February 12, 2003

Troops shun anthrax jab

Richard Norton-Taylor
The Guardian

More than half the armed forces personnel deploying to the Gulf have refused to be vaccinated against anthrax, the Ministry of Defence has disclosed. Though the vaccinations are voluntary, the ministry strongly recommends their use. The low take-up appears to reflect concern among troops about the side effects of the anthrax vaccine.

Military commanders have been warned by the intelligence services to anticipate chemical and biological attacks ordered by Saddam Hussein in the event of an invasion of Iraq.

Of around 16,500 armed forces service personnel offered anthrax jabs, only 8,103 have accepted, according to the junior defence minister, Lewis Moonie.

In a letter to Paul Keetch, the Liberal Democrat defence spokesman, he said anthrax represented a "real threat to our armed forces".

But he added that despite having "no reservations about recommending it", immunisation would remain voluntary "in accordance with long-standing medical practice."

Defence officials admitted yesterday that military operations could be disrupted if only some members of a unit were vaccinated.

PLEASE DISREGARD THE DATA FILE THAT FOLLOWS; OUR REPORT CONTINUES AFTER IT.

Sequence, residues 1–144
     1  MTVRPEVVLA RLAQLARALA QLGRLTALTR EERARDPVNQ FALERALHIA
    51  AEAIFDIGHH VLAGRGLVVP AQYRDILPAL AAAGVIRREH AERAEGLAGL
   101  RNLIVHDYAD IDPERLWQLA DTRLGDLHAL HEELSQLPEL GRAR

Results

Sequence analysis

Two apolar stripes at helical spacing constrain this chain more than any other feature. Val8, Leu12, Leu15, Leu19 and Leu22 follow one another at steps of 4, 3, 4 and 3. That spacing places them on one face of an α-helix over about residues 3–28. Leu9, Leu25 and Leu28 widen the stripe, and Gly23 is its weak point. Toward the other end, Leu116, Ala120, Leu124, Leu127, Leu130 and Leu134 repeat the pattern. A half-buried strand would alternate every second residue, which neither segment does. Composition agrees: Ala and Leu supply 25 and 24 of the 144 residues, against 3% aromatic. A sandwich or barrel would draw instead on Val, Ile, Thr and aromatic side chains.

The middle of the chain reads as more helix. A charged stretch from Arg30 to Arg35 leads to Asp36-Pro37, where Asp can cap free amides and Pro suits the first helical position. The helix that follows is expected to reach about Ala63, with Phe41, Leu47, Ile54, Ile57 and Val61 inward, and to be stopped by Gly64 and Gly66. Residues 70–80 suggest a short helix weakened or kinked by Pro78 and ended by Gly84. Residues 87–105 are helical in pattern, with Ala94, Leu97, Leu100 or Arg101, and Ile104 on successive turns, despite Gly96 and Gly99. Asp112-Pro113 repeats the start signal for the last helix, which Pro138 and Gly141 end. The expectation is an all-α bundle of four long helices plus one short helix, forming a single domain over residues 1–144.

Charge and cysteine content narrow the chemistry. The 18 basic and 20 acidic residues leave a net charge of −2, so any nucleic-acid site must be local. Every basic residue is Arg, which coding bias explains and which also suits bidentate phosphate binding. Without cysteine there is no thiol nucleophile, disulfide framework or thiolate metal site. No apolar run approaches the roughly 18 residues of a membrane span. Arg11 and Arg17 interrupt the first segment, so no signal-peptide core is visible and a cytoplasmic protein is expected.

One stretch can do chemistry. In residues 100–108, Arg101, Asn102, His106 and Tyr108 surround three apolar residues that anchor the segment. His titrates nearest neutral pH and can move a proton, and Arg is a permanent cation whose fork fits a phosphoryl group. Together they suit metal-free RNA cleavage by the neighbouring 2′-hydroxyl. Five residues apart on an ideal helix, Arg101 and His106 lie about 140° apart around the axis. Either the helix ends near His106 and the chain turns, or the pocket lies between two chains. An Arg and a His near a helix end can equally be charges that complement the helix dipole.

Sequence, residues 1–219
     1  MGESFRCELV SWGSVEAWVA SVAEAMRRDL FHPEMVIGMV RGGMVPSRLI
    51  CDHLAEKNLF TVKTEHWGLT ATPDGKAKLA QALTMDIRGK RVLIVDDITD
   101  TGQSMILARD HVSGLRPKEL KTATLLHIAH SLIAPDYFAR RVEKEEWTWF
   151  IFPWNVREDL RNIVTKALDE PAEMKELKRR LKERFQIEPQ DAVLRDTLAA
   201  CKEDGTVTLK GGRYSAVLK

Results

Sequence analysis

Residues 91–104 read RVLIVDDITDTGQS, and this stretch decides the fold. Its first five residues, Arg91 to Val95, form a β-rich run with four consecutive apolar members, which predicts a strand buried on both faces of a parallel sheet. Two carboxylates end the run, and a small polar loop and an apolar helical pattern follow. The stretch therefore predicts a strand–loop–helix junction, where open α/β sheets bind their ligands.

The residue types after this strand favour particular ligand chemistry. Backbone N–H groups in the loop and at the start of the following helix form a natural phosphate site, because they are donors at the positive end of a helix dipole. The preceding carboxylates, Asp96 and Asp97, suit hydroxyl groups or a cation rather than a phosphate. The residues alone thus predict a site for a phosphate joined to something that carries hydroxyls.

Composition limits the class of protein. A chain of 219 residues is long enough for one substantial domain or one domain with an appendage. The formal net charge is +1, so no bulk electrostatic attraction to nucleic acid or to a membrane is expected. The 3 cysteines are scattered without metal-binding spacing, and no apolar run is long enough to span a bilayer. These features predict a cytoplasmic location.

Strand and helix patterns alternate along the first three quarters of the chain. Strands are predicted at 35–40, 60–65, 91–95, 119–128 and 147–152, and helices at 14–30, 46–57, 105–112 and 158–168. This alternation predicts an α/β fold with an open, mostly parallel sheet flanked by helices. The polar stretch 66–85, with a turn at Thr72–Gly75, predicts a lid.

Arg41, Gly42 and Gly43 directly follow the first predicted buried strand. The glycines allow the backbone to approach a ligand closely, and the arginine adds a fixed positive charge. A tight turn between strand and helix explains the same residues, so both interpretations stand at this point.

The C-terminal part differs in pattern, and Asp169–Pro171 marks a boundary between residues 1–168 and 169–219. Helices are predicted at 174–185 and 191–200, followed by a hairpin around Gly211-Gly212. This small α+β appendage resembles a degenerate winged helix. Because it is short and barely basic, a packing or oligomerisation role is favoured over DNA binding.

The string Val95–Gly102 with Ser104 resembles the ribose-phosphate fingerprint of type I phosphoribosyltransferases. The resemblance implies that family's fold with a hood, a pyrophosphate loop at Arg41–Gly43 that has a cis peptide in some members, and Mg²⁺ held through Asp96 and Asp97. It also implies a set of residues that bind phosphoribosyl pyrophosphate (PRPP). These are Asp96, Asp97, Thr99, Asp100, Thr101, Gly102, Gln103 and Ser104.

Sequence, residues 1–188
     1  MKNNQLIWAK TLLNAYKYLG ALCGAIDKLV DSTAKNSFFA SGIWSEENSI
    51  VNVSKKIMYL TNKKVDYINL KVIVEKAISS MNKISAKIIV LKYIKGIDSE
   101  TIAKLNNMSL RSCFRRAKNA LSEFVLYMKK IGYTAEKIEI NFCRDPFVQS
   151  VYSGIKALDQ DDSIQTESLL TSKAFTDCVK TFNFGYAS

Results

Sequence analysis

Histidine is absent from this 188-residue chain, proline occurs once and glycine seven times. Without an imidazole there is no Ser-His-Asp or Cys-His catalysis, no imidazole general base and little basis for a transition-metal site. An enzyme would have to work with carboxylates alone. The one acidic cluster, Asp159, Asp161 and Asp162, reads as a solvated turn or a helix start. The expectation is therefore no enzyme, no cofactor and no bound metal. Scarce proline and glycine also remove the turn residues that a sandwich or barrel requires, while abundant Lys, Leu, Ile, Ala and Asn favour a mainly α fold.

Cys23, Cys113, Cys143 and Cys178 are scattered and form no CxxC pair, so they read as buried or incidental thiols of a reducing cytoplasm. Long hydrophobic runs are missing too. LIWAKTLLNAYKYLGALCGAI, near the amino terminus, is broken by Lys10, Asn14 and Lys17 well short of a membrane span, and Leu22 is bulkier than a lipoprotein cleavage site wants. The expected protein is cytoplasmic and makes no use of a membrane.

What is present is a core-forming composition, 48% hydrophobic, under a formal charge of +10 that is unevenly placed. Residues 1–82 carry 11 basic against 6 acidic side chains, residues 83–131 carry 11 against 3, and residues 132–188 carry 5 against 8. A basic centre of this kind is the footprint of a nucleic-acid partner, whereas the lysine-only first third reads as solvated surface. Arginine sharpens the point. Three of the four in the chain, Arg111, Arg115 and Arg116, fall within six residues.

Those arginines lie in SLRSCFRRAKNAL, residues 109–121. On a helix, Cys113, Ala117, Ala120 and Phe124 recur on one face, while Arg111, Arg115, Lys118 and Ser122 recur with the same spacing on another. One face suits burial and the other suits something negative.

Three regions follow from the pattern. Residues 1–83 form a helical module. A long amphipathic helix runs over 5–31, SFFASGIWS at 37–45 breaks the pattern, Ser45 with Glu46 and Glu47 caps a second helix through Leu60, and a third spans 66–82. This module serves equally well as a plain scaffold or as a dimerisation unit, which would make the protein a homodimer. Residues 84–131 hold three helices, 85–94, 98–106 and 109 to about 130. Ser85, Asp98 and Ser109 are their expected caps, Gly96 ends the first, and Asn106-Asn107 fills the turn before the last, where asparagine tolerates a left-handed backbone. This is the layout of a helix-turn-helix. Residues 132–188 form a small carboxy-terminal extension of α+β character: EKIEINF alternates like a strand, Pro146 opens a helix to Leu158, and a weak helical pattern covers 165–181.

Mr Keetch accused the government of sowing confusion and exhibiting a lack of leadership. "Over half our servicemen and women in the Gulf will now not be protected against the possibility of an anthrax attack," he said.

"Soldiers are being asked to judge for themselves the possibility of anthrax infection in the Gulf. If the vaccine is safe and the threat real, why pass the buck to our troops to decide?"

The ministry said yesterday that an internal investigation into how dozens of phials of anthrax vaccine were found washed up on a Dorset beach confirmed that they came from military supplies.

Specialist British army units who would be responsible for attacking or decontaminating suspect chemical and biological sites have been given smallpox vaccine. This carries a greater, though still minimal, risk to the individual than anthrax jabs, according to defence officials. They said that smallpox and anthrax vaccinations were compulsory in the US armed forces.

International relief agencies are unprepared to deal with the consequences of a chemical or biological attack on a civilian population in Iraq, the London School of Hygiene and Tropical Medicine has warned.

February 3, 2003

Little Rock hospital balks at providing vaccinations

The Associated Press

One of the major hospitals in the state's largest city has balked at the idea of providing smallpox vaccinations to health-care workers, because of possible risk to patients.